|Description||Moebius syndrome (MBS) is a complex, rare developmental anomaly of the hindbrain, that has been described as the combination of congenital palsies of the facial and abducens cranial nerves. Other cranial neuropathies can also be found, most notably cranial nerves V, IX, X, and XII. The disorder presents with varying phenotype and severity. Frequently, it has additional features including orofacial malformations, limb defects, and musculoskeletal, behavioral, and cognitive abnormalities. The specific etiology of MBS is unknown, and theories of the underlying pathophysiology and genetics are numerous. The two main theories underlying the pathogenesis of MBS are an embryological developmental defect in the rhombomere segments including the facial nerve nuclei and an interruption of the vascular supply resulting in ischemia. It has also been reported that mutations in the MBS1, MBS2, and MBS3 gene loci all have contributed to the development of MBS through various pathways. HOX family genes coding for homeobox domains, also, have been implicated in the abnormal development of the human brain.|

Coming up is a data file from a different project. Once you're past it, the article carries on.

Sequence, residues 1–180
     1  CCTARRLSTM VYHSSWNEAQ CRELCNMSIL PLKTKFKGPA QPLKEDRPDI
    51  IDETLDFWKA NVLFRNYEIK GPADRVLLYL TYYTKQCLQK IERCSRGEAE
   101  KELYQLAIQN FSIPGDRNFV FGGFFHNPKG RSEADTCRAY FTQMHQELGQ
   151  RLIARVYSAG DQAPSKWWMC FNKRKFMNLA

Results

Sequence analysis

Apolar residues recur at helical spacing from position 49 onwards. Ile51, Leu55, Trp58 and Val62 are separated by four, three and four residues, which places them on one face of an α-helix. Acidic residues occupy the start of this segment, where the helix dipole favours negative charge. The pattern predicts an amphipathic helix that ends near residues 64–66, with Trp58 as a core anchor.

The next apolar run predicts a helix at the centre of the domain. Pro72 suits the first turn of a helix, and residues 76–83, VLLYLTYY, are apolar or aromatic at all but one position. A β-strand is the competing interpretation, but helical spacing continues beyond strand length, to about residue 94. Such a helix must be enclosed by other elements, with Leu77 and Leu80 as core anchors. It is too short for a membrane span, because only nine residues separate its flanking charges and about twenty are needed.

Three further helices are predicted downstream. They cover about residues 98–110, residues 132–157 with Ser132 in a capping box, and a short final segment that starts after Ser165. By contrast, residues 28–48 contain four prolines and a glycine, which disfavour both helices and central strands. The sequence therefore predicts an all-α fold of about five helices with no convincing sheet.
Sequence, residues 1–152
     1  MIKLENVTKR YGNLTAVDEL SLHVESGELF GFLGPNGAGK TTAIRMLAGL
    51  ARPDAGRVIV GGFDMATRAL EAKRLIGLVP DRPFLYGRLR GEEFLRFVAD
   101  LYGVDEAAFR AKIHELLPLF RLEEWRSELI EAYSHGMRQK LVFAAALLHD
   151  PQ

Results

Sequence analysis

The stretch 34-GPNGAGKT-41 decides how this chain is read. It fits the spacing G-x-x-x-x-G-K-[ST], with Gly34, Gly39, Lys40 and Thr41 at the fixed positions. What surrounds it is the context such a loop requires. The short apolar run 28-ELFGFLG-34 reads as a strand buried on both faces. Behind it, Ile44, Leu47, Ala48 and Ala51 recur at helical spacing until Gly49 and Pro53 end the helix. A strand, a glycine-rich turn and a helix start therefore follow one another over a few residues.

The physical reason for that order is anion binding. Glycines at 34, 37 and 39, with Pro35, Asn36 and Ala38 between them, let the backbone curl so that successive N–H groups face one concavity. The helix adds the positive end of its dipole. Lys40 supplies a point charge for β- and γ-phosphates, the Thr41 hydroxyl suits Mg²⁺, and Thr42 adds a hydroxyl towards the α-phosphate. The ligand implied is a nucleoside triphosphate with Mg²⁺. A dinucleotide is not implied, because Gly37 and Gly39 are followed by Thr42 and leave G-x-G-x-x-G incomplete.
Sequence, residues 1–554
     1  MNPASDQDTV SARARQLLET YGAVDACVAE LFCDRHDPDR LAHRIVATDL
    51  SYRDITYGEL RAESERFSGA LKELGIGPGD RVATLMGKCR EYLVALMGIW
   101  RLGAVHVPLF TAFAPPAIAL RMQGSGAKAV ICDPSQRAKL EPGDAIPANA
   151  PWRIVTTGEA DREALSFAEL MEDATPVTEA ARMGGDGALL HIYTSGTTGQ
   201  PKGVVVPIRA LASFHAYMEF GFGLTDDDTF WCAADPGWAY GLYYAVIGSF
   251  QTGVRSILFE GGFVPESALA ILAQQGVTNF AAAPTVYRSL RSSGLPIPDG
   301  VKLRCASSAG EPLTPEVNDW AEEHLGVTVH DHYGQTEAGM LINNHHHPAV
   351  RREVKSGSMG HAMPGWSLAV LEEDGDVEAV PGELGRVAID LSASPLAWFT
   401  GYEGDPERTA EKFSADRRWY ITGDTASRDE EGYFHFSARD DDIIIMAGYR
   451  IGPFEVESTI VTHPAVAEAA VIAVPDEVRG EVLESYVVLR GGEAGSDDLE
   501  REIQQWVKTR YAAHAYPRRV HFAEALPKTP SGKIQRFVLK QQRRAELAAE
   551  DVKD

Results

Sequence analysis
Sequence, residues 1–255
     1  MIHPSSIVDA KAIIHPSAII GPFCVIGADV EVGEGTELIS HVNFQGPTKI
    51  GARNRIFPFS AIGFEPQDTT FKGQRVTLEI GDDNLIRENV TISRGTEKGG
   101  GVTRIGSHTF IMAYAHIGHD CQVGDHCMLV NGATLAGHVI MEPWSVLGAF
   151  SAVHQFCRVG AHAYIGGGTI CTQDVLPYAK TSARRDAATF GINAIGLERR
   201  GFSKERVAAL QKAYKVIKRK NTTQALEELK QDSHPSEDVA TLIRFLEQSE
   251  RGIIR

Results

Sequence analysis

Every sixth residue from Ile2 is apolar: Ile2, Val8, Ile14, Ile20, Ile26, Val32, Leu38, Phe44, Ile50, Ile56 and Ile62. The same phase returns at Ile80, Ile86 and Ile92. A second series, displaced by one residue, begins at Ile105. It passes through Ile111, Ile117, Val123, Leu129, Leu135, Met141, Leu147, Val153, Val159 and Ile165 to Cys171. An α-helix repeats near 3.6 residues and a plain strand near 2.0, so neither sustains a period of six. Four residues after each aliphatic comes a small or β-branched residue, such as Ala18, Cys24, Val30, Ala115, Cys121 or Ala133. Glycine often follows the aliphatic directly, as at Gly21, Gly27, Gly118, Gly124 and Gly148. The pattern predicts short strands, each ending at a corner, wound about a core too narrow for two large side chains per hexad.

|Other DBs||ICD-11: LD2F.1Y
AUTHORS MacKinnon S, Oystreck DT, Andrews C, Chan WM, Hunter DG, Engle EC
TITLE Diagnostic distinctions and genetic analysis of patients diagnosed with moebius syndrome.
JOURNAL Ophthalmology 121:1461-8 (2014)
AUTHORS Kadakia S, Helman SN, Schwedhelm T, Saman M, Azizzadeh B
TITLE Examining the genetics of congenital facial paralysis--a closer look at Moebius syndrome.
JOURNAL Oral Maxillofac Surg 19:109-16 (2015)